But a government spokesman said the opposition's figures were wrong because Melbourne Water's costs only made up half the costs on household water bills. The figures were also based on the state ordering a maximum of 150 billion litres a year from the plant, but the opposition had already said this amount would not be required.

The spokesman added that the opposition's figures were inflated because it ignored the fixed component in bills. The costs would be shared between both the fixed and kilolitre, or volume, charges, which would make the volume charge much lower than the opposition claimed.

Also, households would not bear the costs alone: industry, local councils and businesses, as well as water users in Geelong, South Gippsland and Western Port would also contribute.

In 2009, the government signed a public-private partnership with Aquasure, a consortium of three companies. The government has repeatedly cited commercial-in-confidence as a reason not to release information about payments to the consortium. It has also refused to talk about the impact of water bills after 2013, which are regulated by the Essential Services Commission.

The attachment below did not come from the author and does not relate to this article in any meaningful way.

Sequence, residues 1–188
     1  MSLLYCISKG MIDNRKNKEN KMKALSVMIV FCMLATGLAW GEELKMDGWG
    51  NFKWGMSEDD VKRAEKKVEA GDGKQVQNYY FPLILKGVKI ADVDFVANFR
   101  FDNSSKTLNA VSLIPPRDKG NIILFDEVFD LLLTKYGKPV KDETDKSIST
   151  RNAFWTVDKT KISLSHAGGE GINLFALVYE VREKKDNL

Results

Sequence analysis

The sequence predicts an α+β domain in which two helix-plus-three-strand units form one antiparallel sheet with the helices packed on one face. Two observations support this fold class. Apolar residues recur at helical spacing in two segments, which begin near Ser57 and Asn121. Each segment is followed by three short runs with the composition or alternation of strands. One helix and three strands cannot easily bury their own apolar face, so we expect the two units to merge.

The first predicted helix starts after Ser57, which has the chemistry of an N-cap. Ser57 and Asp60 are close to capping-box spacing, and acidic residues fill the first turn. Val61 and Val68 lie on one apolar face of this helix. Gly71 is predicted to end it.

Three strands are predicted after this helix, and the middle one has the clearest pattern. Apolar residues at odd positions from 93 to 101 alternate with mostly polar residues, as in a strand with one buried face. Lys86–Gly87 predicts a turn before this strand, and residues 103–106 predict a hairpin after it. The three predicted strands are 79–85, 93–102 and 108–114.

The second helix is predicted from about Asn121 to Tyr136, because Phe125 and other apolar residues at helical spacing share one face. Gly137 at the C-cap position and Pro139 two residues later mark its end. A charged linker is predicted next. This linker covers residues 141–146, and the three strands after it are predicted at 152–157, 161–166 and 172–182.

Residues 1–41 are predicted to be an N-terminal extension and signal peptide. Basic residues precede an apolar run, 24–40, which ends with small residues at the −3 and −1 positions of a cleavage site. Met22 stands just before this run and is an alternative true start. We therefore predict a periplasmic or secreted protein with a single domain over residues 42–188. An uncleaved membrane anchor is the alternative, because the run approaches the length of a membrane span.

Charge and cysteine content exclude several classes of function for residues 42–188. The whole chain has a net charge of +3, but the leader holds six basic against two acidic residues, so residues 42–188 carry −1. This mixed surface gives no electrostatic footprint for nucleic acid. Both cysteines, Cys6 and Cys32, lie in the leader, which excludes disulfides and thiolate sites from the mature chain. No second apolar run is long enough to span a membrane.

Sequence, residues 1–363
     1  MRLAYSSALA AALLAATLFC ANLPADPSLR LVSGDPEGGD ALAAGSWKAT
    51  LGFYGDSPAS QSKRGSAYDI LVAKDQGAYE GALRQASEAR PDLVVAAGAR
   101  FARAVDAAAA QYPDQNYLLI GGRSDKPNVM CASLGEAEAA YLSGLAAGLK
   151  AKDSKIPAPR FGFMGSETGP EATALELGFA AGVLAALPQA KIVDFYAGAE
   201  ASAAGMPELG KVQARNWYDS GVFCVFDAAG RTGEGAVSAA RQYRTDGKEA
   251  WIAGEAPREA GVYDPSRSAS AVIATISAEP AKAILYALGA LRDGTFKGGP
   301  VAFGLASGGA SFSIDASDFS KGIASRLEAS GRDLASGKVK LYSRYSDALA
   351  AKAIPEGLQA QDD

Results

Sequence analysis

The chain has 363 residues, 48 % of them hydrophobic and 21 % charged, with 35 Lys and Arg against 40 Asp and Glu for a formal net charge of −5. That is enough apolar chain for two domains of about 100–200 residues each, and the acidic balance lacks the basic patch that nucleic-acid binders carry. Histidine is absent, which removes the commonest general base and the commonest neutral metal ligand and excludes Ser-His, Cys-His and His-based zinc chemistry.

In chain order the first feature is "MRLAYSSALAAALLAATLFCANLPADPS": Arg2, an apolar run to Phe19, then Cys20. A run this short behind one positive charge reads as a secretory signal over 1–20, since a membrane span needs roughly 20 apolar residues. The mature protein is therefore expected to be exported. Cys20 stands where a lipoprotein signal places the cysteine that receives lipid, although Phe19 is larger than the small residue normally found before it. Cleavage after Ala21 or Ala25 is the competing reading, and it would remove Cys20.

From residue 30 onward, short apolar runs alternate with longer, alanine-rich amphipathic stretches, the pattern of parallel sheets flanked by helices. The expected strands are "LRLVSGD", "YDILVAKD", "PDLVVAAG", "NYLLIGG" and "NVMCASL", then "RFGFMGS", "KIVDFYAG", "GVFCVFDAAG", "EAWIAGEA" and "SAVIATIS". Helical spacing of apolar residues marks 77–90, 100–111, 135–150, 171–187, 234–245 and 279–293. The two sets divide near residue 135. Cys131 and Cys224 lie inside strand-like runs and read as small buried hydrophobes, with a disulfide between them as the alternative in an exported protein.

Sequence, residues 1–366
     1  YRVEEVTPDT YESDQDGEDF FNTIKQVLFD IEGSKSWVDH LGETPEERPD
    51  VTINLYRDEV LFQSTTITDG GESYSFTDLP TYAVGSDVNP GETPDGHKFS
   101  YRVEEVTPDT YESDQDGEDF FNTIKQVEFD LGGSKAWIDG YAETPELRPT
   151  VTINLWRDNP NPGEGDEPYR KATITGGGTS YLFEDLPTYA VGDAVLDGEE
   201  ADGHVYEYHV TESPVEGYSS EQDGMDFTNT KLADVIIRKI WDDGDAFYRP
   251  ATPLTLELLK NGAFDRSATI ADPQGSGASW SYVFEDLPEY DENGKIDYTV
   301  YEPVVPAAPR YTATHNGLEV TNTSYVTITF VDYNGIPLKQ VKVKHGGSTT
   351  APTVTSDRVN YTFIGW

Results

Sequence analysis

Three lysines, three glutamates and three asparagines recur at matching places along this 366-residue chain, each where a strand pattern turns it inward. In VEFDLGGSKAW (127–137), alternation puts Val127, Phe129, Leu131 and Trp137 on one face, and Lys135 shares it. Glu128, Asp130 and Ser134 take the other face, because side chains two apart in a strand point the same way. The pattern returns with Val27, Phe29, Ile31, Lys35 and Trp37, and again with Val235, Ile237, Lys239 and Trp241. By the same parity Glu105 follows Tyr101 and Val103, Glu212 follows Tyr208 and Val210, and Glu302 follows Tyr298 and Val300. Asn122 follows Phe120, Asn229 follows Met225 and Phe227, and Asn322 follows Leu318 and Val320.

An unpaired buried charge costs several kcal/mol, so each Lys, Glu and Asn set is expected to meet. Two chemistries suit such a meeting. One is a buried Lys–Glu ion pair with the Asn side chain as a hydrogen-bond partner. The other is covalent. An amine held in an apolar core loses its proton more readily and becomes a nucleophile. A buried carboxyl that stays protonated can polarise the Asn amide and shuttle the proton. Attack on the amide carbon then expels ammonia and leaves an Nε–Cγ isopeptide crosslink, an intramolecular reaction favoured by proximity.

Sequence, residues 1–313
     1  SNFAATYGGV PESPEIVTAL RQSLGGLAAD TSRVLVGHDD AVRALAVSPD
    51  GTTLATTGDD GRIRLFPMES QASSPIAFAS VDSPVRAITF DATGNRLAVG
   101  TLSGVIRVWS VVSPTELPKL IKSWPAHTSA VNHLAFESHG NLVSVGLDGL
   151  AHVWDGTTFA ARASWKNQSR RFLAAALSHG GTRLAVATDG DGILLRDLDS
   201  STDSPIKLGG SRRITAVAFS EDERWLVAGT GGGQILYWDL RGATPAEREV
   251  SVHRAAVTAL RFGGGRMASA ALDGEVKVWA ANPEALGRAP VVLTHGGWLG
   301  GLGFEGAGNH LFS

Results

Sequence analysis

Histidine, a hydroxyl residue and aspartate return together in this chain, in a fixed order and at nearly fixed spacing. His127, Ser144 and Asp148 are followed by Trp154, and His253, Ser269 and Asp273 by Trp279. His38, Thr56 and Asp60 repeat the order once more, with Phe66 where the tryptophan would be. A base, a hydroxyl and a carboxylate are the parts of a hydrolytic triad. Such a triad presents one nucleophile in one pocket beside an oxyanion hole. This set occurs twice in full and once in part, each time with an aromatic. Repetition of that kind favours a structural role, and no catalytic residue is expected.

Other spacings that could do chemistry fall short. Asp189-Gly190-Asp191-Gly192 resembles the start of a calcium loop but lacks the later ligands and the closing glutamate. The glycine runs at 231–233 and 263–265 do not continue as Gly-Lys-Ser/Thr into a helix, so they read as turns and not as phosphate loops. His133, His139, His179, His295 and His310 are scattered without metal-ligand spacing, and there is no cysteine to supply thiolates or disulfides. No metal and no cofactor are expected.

To pay for the desalination plant, north-south pipeline and other works to boost Melbourne's water supply, the commission has approved price rises that will push a typical household bill for South East Water from $566 in 2008-2009 to $894 in 2013. The desalination plant is due to come online at the end of next year.



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1 comment:

Mats said...

Oh man, don't they ever give up?!! Now it's "biodiversity" !!